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Getting to the heart of bone cancer

A deeper understanding of the genetics of bone cancers - the work of Professor Adrienne Flanagan and colleagues - is providing clinicians with greater diagnostic confidence and opening up new therapeutic opportunities.

There are multiple forms of primary bone tumours, both benign and malignant, which can be hard to distinguish down the microscope - with significant implications for treatment. However, over the past decade, the genetic profiles of the majority of bone tumours have been described, enabling pathologists to provide more sound diagnoses on which clinicians can base their treatments. Furthermore, genetic dissection of these tumours is providing new insights into their underlying biology - with implications for diagnosis, prognosis and therapy development.

Back in 2006, Professor Flanagan and colleagues found that persistent expression of the brachyury gene (T) was highly characteristic of chordoma, a rare cancer thought to derive from the notochord - an embryonic structure not seen in post-fetal life [1]. More recently, gene sequencing of multiple tumour types, in collaboration with the Wellcome Trust Sanger Institute and the Crick Institute, has provided unprecedented insight into the genetic aberrations driving a range of bone cancers.

Genetic characterisation can have diagnostic value. The specificity of histone mutations, for example, can help to distinguish two closely related conditions, chondroblastoma and giant cell tumour of bone [2]. In other cases, the genetic findings hint at the possibility of repurposing of targeted chemotherapeutic agents. For example, IGF1R mutations and gene amplifications were identified in 21% of cases of osteosarcoma [3], and PI3K mutations in 16% of sporadic chordomas [4], two targets for which drugs already exist.

No drug treatments are available yet for chordoma. However, a screening of more than 1000 compounds led by Professor Flanagan found that several of the most active were EGFR inhibitors, suggesting a promising pathway for drug targeting [5]. This and other research has led to a clinical trial of an EGFR inhibitor for patients with chordoma.

Professor Flanagan has also been examining the role of epigenetics in the persistence of brachyury expression in chordoma. A screen of multiple compounds affecting the enzymatic machinery responsible for epigenetic modification of DNA has identified several that influence brachyury expression and the survival of chordoma cell lines - opening up exciting avenues for drug development.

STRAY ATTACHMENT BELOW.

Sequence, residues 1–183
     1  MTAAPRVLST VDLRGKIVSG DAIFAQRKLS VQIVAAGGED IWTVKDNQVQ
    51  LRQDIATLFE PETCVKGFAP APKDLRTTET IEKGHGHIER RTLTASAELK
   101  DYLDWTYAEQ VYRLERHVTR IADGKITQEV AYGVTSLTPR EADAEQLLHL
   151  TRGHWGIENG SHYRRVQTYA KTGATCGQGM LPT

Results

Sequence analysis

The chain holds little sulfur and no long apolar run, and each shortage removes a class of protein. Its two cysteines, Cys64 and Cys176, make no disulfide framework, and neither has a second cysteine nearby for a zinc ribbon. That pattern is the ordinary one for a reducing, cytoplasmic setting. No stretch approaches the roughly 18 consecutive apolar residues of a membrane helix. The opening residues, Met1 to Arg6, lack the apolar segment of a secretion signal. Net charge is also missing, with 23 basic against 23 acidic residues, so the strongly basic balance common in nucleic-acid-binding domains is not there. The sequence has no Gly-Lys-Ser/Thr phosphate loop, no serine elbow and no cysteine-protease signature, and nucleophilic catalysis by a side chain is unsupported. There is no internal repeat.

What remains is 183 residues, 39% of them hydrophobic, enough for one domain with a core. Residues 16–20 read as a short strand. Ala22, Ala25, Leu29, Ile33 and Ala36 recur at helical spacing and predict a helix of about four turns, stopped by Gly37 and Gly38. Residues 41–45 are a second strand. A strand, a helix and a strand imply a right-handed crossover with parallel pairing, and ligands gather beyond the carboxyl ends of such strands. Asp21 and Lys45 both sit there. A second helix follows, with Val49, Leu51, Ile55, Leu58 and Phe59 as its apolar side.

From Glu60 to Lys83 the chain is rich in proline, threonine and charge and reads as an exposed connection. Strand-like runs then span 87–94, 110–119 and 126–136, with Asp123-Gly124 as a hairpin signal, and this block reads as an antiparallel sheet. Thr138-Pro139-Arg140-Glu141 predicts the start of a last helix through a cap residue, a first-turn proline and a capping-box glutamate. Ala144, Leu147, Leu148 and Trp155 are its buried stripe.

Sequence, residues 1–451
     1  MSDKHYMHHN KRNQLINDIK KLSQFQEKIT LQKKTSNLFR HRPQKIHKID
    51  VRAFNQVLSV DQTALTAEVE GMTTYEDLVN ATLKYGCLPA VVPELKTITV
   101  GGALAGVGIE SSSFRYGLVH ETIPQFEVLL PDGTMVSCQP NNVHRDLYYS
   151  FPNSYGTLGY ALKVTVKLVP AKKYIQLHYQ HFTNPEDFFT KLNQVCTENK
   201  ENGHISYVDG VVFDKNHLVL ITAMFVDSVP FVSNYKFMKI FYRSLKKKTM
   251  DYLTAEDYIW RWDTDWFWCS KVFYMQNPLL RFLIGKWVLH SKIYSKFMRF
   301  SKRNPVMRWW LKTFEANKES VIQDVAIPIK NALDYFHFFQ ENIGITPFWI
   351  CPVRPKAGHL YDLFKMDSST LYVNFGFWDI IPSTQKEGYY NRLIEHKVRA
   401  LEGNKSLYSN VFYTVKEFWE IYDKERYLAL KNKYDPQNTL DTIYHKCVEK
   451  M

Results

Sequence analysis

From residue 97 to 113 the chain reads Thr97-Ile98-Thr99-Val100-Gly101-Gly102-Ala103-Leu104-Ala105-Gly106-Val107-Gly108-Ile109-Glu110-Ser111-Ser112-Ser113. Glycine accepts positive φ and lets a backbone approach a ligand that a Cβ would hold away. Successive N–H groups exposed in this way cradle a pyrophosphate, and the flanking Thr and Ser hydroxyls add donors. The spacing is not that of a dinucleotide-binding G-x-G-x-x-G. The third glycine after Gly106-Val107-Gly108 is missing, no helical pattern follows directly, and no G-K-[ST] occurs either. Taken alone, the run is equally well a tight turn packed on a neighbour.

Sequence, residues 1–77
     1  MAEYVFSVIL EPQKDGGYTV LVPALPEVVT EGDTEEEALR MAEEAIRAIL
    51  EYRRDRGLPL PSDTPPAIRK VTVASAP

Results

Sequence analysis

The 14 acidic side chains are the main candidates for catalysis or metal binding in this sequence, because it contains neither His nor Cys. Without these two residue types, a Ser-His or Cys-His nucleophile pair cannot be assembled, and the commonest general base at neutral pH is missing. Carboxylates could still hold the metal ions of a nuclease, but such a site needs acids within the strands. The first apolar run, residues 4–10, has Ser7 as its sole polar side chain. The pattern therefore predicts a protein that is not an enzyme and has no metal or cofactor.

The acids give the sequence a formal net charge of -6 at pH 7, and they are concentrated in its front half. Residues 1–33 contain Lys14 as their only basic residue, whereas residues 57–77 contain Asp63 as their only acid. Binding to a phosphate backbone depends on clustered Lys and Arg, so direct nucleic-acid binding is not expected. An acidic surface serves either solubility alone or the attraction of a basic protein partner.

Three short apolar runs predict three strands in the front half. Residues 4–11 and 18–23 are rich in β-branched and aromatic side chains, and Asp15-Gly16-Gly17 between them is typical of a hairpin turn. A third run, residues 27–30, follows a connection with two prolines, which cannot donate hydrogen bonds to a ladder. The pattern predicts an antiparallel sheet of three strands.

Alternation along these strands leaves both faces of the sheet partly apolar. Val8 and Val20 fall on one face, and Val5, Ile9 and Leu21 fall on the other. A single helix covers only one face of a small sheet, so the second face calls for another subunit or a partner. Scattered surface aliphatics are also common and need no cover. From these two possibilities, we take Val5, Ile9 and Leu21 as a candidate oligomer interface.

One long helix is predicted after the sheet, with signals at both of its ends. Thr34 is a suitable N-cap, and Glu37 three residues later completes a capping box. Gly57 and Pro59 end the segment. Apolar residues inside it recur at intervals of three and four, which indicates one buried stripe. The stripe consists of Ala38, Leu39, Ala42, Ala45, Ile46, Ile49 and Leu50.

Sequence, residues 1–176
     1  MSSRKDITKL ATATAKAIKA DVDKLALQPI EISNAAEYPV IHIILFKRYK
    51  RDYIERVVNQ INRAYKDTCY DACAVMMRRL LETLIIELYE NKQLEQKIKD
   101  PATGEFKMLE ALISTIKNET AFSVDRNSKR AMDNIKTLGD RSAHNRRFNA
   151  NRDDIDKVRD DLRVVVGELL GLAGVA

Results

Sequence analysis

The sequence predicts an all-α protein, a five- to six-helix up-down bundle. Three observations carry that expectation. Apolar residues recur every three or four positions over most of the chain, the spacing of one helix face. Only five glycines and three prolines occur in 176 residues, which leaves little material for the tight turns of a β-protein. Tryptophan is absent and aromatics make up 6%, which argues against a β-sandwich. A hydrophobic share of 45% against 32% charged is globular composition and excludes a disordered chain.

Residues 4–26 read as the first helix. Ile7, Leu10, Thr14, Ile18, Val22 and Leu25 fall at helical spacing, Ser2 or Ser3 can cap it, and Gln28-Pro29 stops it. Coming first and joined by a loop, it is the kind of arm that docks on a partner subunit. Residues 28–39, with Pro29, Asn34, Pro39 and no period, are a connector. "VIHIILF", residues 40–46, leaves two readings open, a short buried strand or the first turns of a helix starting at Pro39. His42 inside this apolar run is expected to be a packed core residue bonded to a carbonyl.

Genetic analyses can also have prognostic significance - FGFR1 gene amplification, for example, was found to be responsible for poor response to chemotherapy in osteosarcoma [6]. However, inhibitors are available that might benefit patients with a tumour harbouring this genetic alteration. Professor Flanagan and colleagues have also been exploring the potential of circulating tumour DNA as a prognostic biomarker for bone cancers such as chondrosarcoma [7]. Pilot studies found that the presence of circulating tumour DNA correlated with tumour grade and was associated with poor outcomes, and levels were reduced following treatment. A nationwide study is now underway to assess the clinical utility of circulating tumour DNA measurement in chondrosarcoma.

Professor Flanagan has also led the development of UCL Advanced Diagnostics, which provides a high-quality genetic diagnostic service for University College London Hospital and other clinical centres. UCL Advanced Diagnostics has now been spun out of UCL and is managed by Health Services Laboratories, but will maintain close links with Professor Flanagan's and other UCL laboratories to ensure that advances in the genetic understanding of cancer rapidly feed into the diagnostic services available within the health service.

  1. Vujovic S et al. Brachyury, a crucial regulator of notochordal development, is a novel biomarker for chordomas. J Pathol. 2006;209(2):157-65.
  2. Behjati S et al. Distinct H3F3A and H3F3B driver mutations define chondroblastoma and giant cell tumor of bone. Nat Genet. 2013;45(12):1479-82.
  3. Behjati S et al. Recurrent mutation of IGF signalling genes and distinct patterns of genomic rearrangement in osteosarcoma. Nat Commun. 2017;8:15936.
  4. Tarpey PS et al. The driver landscape of sporadic chordoma. Nat Commun. 2017;8(1):890.
  5. Scheipl S et al. EGFR inhibitors identified as a potential treatment for chordoma in a focused compound screen. J Pathol. 2016;239(3):320-34.
  6. Fernanda Amary M et al. Fibroblastic growth factor receptor 1 amplification in osteosarcoma is associated with poor response to neo-adjuvant chemotherapy. Cancer Med. 2014;3(4):980-7.
  7. Gutteridge A et al. Digital PCR analysis of circulating tumor DNA: a biomarker for chondrosarcoma diagnosis, prognostication, and residual disease detection. Cancer Med. 2017;6(10):2194-2202.

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Professor Adrienne Flanagan